You dont have to file for absentee ballots, just find all the people who have never voted and buy their physical ballot.

Oh, hello, wow, that box if sure full of letters. And you say you want to mail 5,000 letters all to the same place? Nothing suspicious about that, no siree bob...

1. find all the people who have never voted
2. pay them to (a) request a mail-in ballot and (b) give that to you
3. fill out and mail in all of those ballots
4. in sufficient numbers to sway an election

I think somewhere around (2), word would get out that something was up.

And that's my last bite at this particular hook for today.

I think you missed the Jedi mind-trick where you convince everyone not to tell on you, russell. Every single one...

And you say you want to mail 5,000 letters all to the same place?

which is why the people in NC were careful to mail small bunches of ballots from post offices or post boxes near the voters' houses.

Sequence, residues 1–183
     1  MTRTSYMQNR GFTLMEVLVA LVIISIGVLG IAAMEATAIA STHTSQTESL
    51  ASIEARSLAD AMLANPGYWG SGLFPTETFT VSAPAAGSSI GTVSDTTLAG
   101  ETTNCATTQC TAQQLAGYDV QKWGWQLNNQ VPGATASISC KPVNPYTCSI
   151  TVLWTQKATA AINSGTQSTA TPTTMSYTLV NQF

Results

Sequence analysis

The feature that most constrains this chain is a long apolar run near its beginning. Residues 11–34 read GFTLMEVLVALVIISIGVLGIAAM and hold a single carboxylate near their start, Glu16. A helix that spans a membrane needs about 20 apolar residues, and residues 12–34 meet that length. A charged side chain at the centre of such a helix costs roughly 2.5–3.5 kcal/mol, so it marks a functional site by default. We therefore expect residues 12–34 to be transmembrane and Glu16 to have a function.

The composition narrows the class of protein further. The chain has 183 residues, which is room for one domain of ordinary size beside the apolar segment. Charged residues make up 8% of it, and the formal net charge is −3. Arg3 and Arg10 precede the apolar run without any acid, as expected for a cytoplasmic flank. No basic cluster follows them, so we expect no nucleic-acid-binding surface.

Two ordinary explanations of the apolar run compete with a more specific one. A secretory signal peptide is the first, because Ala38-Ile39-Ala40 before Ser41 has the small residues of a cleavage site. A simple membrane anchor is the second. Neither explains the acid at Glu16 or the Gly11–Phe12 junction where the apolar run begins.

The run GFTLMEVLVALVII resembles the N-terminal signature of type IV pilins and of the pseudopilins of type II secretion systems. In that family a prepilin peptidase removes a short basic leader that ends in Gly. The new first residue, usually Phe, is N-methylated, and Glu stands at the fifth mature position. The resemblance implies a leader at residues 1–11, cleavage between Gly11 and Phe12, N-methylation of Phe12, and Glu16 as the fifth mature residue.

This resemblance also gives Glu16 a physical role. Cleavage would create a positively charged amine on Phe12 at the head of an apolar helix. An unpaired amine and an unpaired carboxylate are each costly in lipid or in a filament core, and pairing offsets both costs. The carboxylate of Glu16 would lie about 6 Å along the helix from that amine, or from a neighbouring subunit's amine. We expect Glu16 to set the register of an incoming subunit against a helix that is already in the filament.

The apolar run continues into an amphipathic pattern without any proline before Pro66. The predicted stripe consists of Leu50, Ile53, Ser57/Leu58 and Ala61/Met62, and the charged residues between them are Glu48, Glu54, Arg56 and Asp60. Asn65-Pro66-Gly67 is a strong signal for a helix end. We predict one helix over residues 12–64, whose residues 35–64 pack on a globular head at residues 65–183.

How many signatures do we think are going to be actually compared out of 19.9 M registered voters sending in a ballot?

What Michael Cain said: Here in California, all mail ballot signatures are checked.

But I suppose that some other states, having been systematically gutting their state government in order to cut taxes, might find checking signatures a challenge.

First, wj you are not qualified to validate my signature. My bet is that most people trying to validate 150 million votes would not be.

Second, yes hsh. There is empirical evidence that even at small scale in NC and AZ the likelihood is that someone will tamper with the votes.

You can have my mail-in ballot if you'll pay off my mortgage.

I mean, I love my country, but everybody has a price.... :)

And yes, that's my final offer.